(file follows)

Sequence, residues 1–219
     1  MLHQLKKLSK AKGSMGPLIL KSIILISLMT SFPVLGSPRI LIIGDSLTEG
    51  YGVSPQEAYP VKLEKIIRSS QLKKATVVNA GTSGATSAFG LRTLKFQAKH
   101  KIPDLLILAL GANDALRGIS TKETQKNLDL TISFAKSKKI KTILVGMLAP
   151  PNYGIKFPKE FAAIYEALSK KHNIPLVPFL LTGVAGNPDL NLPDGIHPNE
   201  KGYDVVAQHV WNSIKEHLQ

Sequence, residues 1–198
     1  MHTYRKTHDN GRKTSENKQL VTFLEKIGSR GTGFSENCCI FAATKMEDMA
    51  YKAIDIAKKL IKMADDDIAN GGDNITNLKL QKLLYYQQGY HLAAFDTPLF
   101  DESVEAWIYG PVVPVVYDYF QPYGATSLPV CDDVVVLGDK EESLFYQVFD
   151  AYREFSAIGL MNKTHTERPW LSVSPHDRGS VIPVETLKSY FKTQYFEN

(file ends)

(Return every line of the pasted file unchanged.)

Sequence, residues 1–219
     1  MLHQLKKLSK AKGSMGPLIL KSIILISLMT SFPVLGSPRI LIIGDSLTEG
    51  YGVSPQEAYP VKLEKIIRSS QLKKATVVNA GTSGATSAFG LRTLKFQAKH
   101  KIPDLLILAL GANDALRGIS TKETQKNLDL TISFAKSKKI KTILVGMLAP
   151  PNYGIKFPKE FAAIYEALSK KHNIPLVPFL LTGVAGNPDL NLPDGIHPNE
   201  KGYDVVAQHV WNSIKEHLQ

Sequence, residues 1–198
     1  MHTYRKTHDN GRKTSENKQL VTFLEKIGSR GTGFSENCCI FAATKMEDMA
    51  YKAIDIAKKL IKMADDDIAN GGDNITNLKL QKLLYYQQGY HLAAFDTPLF
   101  DESVEAWIYG PVVPVVYDYF QPYGATSLPV CDDVVVLGDK EESLFYQVFD
   151  AYREFSAIGL MNKTHTERPW LSVSPHDRGS VIPVETLKSY FKTQYFEN